One of the patients in the study underwent a pre- and post-treatment PET brain scan using a radioligand for imaging 18 kDa translocator protein (TSPO), a biomarker for neuroinflammation. Increased binding of TSPO to activated microglia in brain regions is indicative of heightened inflammation and be observed with a color code with red, orange, and yellow. In contrast, images in green and blue indicate lower levels of neuroinflammation. In this patient, the pre-treatment PET scan showed high levels of TSPO binding indicative of inflammation throughout the cerebral cortex in both sagittal and coronal views, including in hippocampal regions. The PET scan after the last cycle of COYA 301 showed marked reduction in TSPO binding across the brain representing lowered inflammation. This reduction in inflammation corresponded to improvement in cognitive function as measured by MMSE scores in this patient with AD.
“We believe these additional data further support our Treg-focused approach to develop safe and effective treatments for neurodegenerative diseases of high unmet need. We remain excited about the outcome of our studies with COYA 301 in AD and COYA 302 in ALS, and look forward to the next steps in progressing these programs,” Howard H Berman, Ph.D., founder and Chief Executive Officer of Coya commented.
About Alzheimer’s Disease
Alzheimer’s disease is the most common cause of dementia, a general term for memory loss and other cognitive abilities serious enough to interfere with daily life. Alzheimer’s disease accounts for up to 80% of dementia cases, affecting an estimated 5.7 million Americans. In more than 90% of people with Alzheimer’s, symptoms do not appear until after age 60. The incidence of the disease increases with age and doubles every 5 years beyond age 65. Alzheimer’s is a progressive disease, where dementia symptoms gradually worsen over a number of years. In its early stages, memory loss is mild, but with late-stage Alzheimer’s, individuals lose the ability to carry on a conversation and respond to their environment. It is the sixth leading cause of death among all adults and the fifth leading cause for those aged 65 or older. On average, a person with Alzheimer’s lives 4 to 8 years after diagnosis but can live as long as 20 years, depending on other factors. (1),(2)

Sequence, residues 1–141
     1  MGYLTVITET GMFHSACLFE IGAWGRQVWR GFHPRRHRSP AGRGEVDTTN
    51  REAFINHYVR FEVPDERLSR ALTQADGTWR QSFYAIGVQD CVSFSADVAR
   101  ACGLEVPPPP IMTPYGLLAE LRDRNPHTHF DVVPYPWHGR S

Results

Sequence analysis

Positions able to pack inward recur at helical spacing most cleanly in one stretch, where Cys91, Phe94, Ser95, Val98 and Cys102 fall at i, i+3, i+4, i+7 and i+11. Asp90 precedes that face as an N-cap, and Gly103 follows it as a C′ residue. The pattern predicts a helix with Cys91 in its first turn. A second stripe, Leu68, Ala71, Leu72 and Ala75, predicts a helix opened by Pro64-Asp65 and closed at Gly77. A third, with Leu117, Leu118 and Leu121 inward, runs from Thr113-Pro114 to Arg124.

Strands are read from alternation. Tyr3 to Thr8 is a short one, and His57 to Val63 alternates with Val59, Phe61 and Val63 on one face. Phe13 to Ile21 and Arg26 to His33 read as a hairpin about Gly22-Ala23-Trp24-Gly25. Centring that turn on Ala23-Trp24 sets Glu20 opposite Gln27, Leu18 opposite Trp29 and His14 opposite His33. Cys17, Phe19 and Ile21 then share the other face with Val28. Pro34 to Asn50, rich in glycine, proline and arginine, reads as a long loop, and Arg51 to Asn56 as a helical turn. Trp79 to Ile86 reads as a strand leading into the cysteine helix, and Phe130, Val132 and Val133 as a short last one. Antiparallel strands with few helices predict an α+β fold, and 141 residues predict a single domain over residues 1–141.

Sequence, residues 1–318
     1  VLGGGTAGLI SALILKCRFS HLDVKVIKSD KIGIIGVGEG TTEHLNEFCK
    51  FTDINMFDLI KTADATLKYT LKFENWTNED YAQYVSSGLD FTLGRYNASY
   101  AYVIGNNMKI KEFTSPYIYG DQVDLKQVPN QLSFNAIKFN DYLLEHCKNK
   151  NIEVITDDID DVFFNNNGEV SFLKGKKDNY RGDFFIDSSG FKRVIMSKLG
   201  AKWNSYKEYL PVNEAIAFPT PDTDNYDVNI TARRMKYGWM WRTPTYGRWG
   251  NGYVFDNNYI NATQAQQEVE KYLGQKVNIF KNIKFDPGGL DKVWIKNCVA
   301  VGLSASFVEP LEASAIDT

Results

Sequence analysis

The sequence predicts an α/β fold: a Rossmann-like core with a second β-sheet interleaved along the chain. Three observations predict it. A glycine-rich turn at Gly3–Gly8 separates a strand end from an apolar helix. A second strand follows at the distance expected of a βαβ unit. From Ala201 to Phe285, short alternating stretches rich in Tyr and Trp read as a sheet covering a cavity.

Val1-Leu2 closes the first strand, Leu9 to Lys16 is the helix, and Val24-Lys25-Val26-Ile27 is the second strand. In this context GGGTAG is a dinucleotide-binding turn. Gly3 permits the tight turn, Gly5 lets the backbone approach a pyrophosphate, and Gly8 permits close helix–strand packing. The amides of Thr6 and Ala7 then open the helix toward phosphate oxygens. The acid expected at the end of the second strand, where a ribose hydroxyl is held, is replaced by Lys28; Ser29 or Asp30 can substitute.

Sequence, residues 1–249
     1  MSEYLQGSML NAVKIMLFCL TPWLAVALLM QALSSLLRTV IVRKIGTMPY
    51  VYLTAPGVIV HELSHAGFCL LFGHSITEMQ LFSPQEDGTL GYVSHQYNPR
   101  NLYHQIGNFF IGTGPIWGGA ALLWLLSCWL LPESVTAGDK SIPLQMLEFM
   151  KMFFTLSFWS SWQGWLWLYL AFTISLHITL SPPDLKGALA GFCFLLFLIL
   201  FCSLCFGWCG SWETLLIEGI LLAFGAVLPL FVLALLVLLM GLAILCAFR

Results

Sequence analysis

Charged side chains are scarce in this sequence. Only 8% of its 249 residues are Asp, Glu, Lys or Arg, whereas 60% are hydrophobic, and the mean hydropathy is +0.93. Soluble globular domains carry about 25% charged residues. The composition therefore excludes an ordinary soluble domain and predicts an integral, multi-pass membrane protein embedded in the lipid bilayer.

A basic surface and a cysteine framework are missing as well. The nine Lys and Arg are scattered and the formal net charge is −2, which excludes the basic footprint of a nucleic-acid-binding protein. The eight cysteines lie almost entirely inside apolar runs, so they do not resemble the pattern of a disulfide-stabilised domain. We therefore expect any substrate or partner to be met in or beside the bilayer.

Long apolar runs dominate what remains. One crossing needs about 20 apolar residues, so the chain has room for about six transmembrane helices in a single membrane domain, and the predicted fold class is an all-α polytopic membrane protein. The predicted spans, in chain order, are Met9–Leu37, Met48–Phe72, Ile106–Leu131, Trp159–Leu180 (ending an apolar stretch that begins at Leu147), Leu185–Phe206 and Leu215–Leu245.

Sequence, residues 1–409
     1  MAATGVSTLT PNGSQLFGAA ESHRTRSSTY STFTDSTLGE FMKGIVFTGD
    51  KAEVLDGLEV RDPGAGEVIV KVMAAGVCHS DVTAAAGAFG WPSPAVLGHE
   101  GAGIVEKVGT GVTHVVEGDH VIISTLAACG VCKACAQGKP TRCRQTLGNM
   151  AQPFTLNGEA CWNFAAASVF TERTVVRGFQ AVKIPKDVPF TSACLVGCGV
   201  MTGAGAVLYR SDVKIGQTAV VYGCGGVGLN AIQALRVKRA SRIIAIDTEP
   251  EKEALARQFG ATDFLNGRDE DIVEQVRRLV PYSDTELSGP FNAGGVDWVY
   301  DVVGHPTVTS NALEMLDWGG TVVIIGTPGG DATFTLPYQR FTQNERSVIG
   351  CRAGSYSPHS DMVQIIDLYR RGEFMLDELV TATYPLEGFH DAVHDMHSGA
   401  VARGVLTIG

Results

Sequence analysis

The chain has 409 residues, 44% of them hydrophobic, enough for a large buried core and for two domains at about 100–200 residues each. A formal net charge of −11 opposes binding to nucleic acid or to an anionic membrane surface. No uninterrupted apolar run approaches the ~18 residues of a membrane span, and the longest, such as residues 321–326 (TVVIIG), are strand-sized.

About Coya Therapeutics, Inc.
Headquartered in Houston, TX, Coya Therapeutics, Inc. (Nasdaq: COYA) is a clinical-stage biotechnology company developing proprietary treatments focused on the biology and potential therapeutic advantages of regulatory T cells (“Tregs”) to target systemic inflammation and neuroinflammation. Dysfunctional Tregs underlie numerous conditions including neurodegenerative, metabolic, and autoimmune diseases, and this cellular dysfunction may lead to a sustained inflammation and oxidative stress resulting in lack of homeostasis of the immune system. Coya’s investigational product candidate pipeline leverages multiple therapeutic modalities aimed at restoring the anti-inflammatory and immunomodulatory functions of Tregs. Coya’s lead therapeutic programs includes Treg-enhancing biologics (COYA 300 Series product candidates) COYA 301 and COYA 302, which are intended to enhance Treg function and expand Treg numbers. COYA 301 is a cytokine biologic for subcutaneous administration intended to enhance Treg function and expand Treg numbers in vivo, and COYA 302 is a biologic combination for subcutaneous and/or intravenous administration intended to enhance Treg function while depleting T effector function and activated macrophages. These two mechanisms may be additive or synergistic in suppressing inflammation. For more information about Coya, please visit www.coyatherapeutics.com.
Howard Berman, CEO